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State of the patent system in the EU

A study on the state of the patent system in the European Union has recently been published by DG XIII of the European Commission. The study, which was conducted by an external consultant on behalf of the European Commission, is part of the EIMS (European Innovation Monitoring...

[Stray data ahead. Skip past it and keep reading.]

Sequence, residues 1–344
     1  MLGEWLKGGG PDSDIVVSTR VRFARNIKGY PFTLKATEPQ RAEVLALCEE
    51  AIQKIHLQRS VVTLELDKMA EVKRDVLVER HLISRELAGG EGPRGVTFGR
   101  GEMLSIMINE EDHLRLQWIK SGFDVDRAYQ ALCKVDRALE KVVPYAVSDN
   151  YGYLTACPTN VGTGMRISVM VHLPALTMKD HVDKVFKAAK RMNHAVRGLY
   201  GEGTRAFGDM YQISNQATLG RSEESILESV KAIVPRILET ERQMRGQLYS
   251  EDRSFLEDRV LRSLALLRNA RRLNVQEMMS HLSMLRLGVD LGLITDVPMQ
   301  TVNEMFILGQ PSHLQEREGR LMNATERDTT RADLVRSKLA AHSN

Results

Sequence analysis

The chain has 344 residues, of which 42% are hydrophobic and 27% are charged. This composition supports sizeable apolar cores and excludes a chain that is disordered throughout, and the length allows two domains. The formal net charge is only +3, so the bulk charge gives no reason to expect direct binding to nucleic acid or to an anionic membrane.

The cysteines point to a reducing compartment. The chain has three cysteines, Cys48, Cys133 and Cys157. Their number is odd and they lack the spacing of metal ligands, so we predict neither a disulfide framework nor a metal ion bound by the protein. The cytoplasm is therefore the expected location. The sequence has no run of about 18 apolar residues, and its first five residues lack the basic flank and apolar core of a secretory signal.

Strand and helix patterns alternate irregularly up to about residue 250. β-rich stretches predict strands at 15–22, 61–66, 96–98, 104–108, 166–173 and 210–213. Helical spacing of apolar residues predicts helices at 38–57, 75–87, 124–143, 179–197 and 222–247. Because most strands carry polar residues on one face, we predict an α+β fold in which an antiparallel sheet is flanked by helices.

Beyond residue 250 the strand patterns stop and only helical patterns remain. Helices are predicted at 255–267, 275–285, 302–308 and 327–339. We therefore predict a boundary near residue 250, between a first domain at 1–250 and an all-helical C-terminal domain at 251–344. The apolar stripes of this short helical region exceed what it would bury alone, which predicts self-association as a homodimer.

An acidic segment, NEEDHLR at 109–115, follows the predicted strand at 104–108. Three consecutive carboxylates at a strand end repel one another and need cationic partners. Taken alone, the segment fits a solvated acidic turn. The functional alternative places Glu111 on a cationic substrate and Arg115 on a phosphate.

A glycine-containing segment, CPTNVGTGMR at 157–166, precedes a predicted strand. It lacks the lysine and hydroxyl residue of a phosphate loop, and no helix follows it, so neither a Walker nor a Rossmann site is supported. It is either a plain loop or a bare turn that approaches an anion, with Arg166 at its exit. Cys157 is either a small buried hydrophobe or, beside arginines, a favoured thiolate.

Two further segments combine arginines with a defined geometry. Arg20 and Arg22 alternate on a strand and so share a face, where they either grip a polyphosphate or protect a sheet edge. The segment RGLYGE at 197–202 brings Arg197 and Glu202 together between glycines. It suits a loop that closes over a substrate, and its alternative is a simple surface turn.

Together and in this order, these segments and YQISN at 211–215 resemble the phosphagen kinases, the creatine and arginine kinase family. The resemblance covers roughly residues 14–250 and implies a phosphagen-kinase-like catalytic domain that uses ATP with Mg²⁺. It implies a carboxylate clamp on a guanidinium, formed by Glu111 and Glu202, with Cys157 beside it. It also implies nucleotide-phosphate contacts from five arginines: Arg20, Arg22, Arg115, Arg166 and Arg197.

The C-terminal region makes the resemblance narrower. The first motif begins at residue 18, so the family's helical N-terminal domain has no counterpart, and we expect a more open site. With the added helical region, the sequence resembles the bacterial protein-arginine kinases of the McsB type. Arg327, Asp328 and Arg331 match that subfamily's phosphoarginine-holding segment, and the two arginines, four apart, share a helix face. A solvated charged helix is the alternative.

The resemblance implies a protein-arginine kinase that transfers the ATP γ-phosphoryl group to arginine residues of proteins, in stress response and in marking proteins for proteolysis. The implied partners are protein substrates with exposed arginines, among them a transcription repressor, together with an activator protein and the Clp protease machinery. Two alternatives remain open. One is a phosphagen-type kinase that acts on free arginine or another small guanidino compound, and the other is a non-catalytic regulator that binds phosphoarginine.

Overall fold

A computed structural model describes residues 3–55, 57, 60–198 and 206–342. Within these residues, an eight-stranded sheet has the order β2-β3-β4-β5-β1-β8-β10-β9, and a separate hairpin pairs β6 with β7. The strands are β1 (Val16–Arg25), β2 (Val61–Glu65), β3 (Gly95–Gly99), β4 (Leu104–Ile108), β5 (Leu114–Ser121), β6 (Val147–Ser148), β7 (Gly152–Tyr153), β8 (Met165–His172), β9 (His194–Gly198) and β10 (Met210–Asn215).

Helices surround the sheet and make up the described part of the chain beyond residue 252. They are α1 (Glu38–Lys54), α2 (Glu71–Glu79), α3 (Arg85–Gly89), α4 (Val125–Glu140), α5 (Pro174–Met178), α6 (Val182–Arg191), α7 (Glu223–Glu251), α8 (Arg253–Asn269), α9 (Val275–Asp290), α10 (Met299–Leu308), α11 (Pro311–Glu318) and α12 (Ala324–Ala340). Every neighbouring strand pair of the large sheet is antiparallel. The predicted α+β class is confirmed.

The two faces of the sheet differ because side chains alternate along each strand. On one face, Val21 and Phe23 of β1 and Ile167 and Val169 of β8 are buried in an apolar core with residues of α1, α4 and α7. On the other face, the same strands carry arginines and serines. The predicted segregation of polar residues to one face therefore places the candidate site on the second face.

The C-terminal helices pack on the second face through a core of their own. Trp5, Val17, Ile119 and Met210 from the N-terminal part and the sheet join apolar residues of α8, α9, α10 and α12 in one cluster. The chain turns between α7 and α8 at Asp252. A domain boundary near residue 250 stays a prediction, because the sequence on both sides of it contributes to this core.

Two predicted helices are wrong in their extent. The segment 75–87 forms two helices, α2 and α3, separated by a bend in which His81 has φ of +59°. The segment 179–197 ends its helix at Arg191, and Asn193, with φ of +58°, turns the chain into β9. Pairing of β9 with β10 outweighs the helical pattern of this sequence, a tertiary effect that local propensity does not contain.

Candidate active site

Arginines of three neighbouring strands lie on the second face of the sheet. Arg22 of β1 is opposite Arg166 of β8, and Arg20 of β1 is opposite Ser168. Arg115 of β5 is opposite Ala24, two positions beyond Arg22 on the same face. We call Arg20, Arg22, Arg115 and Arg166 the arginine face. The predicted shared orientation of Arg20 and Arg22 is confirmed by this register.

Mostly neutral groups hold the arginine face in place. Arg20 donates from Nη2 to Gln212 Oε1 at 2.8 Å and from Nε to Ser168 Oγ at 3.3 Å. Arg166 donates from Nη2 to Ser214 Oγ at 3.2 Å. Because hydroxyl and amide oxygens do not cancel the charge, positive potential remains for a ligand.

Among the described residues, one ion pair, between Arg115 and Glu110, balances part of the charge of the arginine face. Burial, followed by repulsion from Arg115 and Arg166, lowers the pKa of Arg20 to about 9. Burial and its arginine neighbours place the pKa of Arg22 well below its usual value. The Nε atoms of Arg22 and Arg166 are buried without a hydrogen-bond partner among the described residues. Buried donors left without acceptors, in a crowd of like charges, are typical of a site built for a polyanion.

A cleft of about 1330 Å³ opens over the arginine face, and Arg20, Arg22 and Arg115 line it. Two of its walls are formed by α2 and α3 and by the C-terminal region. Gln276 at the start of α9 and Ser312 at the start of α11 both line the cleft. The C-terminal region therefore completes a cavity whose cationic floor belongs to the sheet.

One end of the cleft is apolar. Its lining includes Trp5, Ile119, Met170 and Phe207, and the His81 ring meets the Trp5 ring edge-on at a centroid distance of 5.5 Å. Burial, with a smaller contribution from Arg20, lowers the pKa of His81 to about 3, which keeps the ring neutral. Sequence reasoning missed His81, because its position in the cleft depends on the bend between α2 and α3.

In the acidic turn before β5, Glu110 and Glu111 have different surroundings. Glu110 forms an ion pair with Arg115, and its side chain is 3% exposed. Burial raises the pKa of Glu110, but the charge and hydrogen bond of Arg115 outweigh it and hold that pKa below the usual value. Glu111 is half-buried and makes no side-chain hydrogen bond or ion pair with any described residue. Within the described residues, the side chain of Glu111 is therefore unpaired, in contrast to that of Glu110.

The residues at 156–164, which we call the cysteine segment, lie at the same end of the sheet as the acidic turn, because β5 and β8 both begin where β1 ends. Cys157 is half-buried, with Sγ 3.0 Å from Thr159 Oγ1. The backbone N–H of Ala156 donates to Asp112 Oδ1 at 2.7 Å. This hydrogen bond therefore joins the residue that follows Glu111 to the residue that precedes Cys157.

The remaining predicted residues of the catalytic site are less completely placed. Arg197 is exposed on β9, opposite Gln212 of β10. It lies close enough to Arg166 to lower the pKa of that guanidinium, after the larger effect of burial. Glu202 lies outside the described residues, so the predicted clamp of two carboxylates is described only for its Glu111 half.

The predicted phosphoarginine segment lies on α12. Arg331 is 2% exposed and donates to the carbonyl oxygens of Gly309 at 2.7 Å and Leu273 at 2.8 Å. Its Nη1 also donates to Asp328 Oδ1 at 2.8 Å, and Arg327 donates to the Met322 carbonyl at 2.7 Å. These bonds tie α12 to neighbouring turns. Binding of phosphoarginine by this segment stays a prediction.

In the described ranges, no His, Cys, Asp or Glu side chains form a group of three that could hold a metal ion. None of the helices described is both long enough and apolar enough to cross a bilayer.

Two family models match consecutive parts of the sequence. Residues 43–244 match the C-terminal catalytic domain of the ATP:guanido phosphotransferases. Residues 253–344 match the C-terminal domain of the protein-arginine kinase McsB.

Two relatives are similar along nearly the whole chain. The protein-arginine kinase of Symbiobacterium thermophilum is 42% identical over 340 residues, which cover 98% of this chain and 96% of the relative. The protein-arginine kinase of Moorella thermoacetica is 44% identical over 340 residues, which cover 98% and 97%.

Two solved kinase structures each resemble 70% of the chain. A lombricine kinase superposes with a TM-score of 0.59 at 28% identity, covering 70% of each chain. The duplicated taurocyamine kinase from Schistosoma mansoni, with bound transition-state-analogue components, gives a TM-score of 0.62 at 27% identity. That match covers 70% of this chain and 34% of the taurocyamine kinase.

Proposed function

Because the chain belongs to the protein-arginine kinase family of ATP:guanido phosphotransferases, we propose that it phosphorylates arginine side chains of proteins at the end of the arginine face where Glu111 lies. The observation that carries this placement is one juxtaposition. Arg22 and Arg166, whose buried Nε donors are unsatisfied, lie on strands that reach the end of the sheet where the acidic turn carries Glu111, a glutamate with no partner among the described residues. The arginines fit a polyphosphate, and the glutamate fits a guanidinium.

A study on the state of the patent system in the European Union has recently been published by DG XIII of the European Commission. The study, which was conducted by an external consultant on behalf of the European Commission, is part of the EIMS (European Innovation Monitoring System) series of reports and relates to the Commission's Green Paper on Innovation. According to the study, since there is no single European patent, with separate patents needed for each Member State, there is a potential for fragmentation of the internal market. The cost of securing patent protection in every Member State discourages companies from exploiting their innovative potential, while the lack of legal mechanisms and judicial infrastructure at European level means that interpretations and applications of patent legislation are different. The study contrasts this with the situation in the USA and Japan, which both have a single patent mechanism and legal framework allowing protection in the whole territory - both comparable markets to the EU. The existing structure in Europe consists of the European Patent Convention (EPC), which includes non-EU Member States, and the Agreement relating to Community patents, which has not yet entered into force. These two instruments represent a complex legal framework for those seeking patent protection, and are subject to different legal jurisdictions. The study calls for the adoption of a "truly operational Community patent system", which would be comparable to that of its two main competitors, Japan and the USA. This system should also provide adequate and non-discriminatory treatment for non-EU Member States. Under this system, the costs for patent protection within Europe would be reduced to a level comparable to the USA and Japan (although the costs of translation have to be considered in setting the fees). The study also notes that, in the USA, SMEs benefit from a 50% reduction in the costs of patenting, whereas, in Europe, no such reduction exists under the EPC.